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Dave Arneson's Blackmoor: The First Campaign

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Average Rating:3.7 / 5
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Dave Arneson\'s Blackmoor: The First Campaign
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Dave Arneson's Blackmoor: The First Campaign
Publisher: Zeitgeist Games
by Jason M. I. [Verified Purchaser]
Date Added: 08/31/2010 21:25:38

I most definitely enjoyed reading through the Blackmoor campaign setting. It resonates with old school style -- harkening back to the heyday of D&D. The campaign setting is full of the little bits and pieces a DM is looking for to bring the campaign setting to life in their sessions. The organization is intuitive, well laid out and complete with an index.

For first time visitors to the setting, the essence of Blackmoor is a dispersed across the chapters on magic, places and NPCs, but is comprehensive enough to give the DM all the canon they require.

I haven’t played in the previous incarnations of Blackmoor. However, years ago my group romped about in the classic Mystara D&D setting for over a decade of adventures. At that time, TSR had slapped Blackmoor in as the long distant past of Mystara. Consequently, much of Blackmoor felt very familiar to me here. Especially the common pantheon of gods. I always gravitate to gods who actively meddle in the affairs of mortals rather than mere vague deities who serve as spell dispensers. These gods, while briefer than they appeared in the “Wraith of the Immortals” D&D boxed set, are complete enough with physical manifestation descriptions just raring to step into game play.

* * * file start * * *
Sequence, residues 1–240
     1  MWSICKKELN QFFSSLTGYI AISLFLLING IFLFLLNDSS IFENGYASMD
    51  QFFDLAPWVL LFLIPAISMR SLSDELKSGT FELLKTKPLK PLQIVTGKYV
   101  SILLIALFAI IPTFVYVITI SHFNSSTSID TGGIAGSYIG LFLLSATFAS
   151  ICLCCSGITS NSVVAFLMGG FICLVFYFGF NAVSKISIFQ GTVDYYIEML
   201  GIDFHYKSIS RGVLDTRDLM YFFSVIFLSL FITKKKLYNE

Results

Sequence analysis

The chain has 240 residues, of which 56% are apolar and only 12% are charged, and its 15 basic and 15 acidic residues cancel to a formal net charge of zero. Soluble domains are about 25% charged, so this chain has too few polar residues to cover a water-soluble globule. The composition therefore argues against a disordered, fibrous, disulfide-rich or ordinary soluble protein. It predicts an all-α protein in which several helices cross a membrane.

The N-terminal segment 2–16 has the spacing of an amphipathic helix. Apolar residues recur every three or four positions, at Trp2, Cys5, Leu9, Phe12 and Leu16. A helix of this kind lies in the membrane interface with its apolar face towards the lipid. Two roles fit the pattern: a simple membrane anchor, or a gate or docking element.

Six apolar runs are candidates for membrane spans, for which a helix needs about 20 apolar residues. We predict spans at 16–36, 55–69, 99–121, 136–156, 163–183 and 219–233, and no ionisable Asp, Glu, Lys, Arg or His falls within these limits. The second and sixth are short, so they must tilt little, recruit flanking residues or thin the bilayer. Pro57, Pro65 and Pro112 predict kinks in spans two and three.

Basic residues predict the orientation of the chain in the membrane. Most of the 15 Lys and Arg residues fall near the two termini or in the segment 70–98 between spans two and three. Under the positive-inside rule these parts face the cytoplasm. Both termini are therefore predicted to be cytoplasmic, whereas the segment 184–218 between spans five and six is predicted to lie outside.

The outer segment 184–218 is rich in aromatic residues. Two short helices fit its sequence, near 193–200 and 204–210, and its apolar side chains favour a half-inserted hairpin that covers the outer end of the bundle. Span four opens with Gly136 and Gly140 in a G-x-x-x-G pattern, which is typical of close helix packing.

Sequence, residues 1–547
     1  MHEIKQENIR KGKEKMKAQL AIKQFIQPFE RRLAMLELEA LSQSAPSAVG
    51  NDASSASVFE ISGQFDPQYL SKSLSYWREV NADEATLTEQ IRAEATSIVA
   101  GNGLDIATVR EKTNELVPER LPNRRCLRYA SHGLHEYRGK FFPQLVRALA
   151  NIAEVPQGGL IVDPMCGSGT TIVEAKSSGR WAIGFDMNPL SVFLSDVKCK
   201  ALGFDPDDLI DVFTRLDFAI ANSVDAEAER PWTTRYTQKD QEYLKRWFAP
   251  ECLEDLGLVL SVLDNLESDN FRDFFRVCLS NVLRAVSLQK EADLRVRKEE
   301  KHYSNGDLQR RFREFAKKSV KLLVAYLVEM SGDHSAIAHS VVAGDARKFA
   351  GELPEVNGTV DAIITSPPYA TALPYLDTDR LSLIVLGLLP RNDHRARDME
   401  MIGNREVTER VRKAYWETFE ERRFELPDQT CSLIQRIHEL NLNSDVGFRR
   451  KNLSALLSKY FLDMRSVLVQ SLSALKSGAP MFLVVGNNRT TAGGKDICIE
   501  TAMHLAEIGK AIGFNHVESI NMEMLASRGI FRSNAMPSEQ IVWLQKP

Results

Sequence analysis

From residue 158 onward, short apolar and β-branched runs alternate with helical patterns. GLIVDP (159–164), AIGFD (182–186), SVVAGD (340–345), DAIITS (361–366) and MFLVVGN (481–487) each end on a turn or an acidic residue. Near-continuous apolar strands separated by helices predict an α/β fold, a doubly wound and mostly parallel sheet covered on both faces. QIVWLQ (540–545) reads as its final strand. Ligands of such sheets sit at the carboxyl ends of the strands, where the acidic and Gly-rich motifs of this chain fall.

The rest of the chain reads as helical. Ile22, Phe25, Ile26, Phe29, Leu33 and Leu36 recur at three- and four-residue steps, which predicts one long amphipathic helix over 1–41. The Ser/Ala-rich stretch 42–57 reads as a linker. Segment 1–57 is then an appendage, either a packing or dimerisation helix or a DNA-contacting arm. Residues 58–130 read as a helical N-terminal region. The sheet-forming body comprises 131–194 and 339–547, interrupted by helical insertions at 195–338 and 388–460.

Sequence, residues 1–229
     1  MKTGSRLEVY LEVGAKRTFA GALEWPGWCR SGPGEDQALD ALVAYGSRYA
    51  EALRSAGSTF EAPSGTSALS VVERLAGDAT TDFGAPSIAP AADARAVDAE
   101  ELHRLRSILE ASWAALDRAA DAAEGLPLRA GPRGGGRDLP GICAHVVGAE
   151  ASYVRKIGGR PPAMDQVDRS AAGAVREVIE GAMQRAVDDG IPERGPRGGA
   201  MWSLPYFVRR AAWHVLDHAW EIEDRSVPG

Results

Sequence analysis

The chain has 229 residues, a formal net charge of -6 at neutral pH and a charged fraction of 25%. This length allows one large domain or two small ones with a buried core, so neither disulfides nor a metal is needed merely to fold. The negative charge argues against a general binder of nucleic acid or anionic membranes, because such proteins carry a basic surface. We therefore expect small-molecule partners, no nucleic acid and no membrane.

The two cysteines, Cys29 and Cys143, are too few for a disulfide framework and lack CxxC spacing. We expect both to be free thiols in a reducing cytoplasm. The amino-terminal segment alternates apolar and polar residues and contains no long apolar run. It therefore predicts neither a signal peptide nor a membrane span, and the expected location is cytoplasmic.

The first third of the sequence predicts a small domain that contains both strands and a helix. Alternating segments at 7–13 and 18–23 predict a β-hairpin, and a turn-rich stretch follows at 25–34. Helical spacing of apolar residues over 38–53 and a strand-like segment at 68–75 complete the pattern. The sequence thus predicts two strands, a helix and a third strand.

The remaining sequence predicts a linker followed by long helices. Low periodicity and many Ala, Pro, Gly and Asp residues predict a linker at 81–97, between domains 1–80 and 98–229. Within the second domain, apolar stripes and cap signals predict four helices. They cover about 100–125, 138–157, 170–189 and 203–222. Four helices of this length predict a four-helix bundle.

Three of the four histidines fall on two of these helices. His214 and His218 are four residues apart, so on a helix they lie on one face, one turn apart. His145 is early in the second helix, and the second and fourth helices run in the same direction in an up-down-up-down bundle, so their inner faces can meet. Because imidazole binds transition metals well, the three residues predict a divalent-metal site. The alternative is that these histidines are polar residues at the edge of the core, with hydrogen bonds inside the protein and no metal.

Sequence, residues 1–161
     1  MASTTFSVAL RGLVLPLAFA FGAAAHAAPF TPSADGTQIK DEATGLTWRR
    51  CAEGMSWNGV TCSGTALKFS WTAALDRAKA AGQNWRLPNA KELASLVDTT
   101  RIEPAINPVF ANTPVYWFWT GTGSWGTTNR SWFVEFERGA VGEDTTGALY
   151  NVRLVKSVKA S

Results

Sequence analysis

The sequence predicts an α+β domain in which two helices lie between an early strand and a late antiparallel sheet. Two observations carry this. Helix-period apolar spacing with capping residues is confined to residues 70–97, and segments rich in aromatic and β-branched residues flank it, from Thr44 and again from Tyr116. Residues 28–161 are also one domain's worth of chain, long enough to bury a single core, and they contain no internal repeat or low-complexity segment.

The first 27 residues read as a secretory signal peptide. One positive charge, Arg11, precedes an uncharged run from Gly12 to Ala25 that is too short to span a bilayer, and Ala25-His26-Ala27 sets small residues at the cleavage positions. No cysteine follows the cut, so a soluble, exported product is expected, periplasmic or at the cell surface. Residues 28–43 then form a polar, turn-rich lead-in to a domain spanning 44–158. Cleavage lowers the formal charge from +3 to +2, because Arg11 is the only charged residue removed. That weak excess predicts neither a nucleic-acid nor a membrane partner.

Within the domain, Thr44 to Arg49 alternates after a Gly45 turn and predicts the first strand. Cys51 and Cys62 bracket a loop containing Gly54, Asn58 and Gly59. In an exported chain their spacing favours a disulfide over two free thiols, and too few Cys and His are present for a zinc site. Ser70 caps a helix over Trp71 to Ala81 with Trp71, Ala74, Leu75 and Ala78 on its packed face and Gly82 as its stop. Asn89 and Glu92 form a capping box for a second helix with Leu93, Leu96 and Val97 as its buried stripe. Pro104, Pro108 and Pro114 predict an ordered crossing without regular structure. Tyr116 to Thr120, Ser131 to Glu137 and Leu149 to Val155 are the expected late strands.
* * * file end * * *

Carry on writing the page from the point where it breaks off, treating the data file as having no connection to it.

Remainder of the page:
The chapter detailing the geography and locales doesn’t disappoint. Less crunchy bits than some settings, but it has a wealth of descriptive text giving great detail on the purpose, function and characteristics of the various places. Although, its attention to NPCs is fairly light (i.e. the DM will be stocking his own NPCs accordingly to bring the places to life). For the NPCs they do mention (within the places or NPC section), I would have liked a lot more stat blocks -- even abbreviated ones. They seemed to arbitrary in detailing some NPCs while skipping others.

I definitely felt I could run adventures through the Blackmoor lands with the material available. Unfortunately, key to any setting would be the map. And this is where it falls down immensely. The black and white map reminds me of my maps. Meaning, cluttered, messy and amateurish. Certainly a vary nostalgic map style, no doubt!

While the map might appeal to some, there is a problem with it that will annoy people similar to me. At the very least, a campaign setting map should include the locales that have been described in detail in the setting’s text. Unfortunately, the map is missing quite a number of places. For example, Boggy Bottom, South Pim, Kenville, and Wizard's Watch are missing. And a bit sloppy, Archlis is labeled Archus.